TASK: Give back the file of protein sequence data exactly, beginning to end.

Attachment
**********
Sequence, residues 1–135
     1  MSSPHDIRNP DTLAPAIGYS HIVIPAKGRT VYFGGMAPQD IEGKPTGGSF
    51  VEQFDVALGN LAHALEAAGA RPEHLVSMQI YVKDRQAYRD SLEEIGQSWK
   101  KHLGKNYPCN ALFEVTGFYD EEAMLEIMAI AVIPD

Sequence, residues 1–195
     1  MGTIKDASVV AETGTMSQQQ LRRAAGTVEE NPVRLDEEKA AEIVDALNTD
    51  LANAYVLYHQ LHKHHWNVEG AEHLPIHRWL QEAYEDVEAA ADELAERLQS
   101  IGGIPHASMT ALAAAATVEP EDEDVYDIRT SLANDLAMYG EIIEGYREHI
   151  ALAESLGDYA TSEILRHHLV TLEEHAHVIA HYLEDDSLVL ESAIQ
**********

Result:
Sequence, residues 1–135
     1  MSSPHDIRNP DTLAPAIGYS HIVIPAKGRT VYFGGMAPQD IEGKPTGGSF
    51  VEQFDVALGN LAHALEAAGA RPEHLVSMQI YVKDRQAYRD SLEEIGQSWK
   101  KHLGKNYPCN ALFEVTGFYD EEAMLEIMAI AVIPD

Sequence, residues 1–195
     1  MGTIKDASVV AETGTMSQQQ LRRAAGTVEE NPVRLDEEKA AEIVDALNTD
    51  LANAYVLYHQ LHKHHWNVEG AEHLPIHRWL QEAYEDVEAA ADELAERLQS
   101  IGGIPHASMT ALAAAATVEP EDEDVYDIRT SLANDLAMYG EIIEGYREHI
   151  ALAESLGDYA TSEILRHHLV TLEEHAHVIA HYLEDDSLVL ESAIQ